If writing about music is like dancing about architecture, then explaining about Trump is like sneezing about hermeneutics.
Well, the best-laid plans…
I’d intended to interview the contestants in our little investment contest to get their take on the markets and on how well or badly they, personally, had navigated the various challenges those markets had offered. I was especially interested in what, if anything, the contestants had learned. But I was mainly thwarted.
Bull Markets and Bear Markets are such momentous events that they tend to fixate investor attention to the exclusion of more important matters. Most people, for example, would define a “market cycle” with reference to Bulls and Bears.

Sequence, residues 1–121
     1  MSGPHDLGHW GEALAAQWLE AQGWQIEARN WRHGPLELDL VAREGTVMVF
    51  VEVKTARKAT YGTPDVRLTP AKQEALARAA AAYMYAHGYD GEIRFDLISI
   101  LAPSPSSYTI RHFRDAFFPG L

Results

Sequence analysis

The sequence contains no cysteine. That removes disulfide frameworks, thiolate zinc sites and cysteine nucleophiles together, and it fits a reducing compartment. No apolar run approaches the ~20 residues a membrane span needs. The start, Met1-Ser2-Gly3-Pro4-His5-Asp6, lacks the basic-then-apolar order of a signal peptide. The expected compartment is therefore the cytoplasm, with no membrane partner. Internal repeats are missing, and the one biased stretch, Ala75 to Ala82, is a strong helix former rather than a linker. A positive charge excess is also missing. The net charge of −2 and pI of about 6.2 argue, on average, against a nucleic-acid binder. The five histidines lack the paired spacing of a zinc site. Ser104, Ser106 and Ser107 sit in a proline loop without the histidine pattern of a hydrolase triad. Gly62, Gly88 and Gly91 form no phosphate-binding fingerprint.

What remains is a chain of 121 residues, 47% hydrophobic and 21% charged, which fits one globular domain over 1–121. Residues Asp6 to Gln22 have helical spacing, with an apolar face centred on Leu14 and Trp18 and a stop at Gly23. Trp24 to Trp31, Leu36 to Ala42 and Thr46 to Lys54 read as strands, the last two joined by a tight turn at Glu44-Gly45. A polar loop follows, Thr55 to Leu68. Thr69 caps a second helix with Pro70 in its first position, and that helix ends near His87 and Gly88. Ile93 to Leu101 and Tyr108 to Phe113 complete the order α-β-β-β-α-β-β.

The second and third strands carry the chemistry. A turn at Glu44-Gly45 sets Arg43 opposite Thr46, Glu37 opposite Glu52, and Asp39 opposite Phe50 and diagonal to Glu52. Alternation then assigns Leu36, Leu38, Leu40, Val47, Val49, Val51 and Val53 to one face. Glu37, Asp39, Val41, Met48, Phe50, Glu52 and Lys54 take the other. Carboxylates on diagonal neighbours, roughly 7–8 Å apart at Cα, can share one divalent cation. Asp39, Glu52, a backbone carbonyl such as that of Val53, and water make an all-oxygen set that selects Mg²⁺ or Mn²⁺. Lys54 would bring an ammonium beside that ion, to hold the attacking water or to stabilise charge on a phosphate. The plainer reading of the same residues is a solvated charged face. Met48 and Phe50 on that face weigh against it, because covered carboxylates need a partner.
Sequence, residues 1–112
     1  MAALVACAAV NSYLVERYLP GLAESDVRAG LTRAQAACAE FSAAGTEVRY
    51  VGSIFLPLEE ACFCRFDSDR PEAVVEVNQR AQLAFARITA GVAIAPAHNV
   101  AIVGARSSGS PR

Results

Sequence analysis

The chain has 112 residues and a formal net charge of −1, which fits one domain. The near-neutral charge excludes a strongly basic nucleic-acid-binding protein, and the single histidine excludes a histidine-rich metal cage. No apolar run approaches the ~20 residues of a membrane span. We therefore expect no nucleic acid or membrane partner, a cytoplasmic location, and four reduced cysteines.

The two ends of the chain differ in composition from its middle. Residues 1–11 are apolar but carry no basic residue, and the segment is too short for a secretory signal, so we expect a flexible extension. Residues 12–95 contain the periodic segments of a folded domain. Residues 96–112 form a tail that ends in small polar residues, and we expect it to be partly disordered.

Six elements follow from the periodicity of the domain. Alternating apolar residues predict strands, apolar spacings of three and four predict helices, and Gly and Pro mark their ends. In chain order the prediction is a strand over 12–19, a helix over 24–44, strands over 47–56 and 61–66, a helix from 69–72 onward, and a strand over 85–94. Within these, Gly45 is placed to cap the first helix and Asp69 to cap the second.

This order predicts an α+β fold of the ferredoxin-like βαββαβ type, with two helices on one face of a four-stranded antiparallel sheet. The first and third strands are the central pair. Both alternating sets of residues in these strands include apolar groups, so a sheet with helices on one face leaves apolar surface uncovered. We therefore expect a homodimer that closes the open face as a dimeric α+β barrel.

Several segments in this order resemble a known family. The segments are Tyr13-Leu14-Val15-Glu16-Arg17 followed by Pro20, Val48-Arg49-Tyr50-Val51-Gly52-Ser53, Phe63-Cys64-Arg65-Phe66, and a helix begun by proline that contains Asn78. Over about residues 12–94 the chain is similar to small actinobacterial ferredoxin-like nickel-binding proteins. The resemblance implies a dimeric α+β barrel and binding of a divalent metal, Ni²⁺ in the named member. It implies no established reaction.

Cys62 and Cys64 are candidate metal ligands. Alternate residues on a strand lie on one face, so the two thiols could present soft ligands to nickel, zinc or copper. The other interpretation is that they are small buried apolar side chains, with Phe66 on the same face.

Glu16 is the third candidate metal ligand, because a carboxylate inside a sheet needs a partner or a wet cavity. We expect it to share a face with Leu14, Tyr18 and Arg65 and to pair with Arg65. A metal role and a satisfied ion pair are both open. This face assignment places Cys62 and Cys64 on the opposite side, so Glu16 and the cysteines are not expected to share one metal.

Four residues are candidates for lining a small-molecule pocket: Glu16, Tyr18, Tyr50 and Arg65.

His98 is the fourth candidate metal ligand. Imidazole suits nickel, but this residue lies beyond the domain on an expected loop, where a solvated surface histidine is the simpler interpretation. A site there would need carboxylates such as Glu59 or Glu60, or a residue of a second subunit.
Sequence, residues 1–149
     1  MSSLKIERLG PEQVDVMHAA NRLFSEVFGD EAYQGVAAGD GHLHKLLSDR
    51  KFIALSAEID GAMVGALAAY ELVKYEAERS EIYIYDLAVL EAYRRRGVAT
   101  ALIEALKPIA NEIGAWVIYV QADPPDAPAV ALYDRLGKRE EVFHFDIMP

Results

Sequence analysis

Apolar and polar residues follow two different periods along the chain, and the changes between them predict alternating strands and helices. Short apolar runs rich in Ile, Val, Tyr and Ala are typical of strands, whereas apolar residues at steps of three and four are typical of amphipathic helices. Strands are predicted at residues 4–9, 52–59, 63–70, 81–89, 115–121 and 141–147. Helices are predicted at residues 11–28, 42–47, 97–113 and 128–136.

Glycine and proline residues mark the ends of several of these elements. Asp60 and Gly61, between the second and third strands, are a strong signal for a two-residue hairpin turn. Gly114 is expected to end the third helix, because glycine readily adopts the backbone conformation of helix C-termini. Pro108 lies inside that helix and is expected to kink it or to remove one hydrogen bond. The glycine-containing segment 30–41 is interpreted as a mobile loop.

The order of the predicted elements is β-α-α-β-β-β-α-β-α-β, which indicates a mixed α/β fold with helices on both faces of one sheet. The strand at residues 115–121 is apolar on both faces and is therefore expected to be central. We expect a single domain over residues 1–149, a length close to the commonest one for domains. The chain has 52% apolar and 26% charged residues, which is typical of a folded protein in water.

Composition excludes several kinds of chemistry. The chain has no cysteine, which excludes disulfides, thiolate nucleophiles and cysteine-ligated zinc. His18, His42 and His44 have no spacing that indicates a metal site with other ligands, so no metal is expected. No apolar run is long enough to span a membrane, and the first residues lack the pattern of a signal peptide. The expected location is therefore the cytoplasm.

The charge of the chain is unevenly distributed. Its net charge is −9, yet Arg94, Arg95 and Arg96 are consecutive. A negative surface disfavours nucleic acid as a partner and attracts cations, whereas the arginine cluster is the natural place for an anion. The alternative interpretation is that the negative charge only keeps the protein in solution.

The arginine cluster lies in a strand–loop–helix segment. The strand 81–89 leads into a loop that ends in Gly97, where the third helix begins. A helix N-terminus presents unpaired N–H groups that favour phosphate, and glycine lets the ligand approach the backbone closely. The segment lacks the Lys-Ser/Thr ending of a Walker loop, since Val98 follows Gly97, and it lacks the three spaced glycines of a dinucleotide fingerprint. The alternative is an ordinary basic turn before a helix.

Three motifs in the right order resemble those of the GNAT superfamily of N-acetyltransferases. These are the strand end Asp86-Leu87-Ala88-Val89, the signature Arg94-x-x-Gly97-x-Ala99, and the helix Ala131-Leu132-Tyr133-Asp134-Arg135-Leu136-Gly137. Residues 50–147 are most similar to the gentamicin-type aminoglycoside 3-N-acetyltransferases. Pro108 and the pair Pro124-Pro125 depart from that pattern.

So far in our increasingly exciting investment contest it’s been a positive experience all around. For the first three years the capital markets rose relentlessly: a modestly positive first year followed by two terrific Bull Market years. But things are about to change.
Last week we observed how our investment competitors fared as they navigated a boring, so-so market environment. But this week things get more interesting.
Last week we asked Mr. Market to establish the playing field for our investment contest. This week we’ll check in to see how our contestants are faring.
On the last day of March (last week), we launched our own, far more interesting version of March Madness, namely, an investment contest.
I’ve been in the business of advising wealthy families for forty years. (Actually, it’s been longer than that, but I’ve reached the age where everything gets rounded down.)
Without courage all other virtues are useless. Edward Abbey, Desert Solitaire
Headline of the future: “Oat Bran – the Silent Killer.” (Woody Allen or David Letterman, I forget which)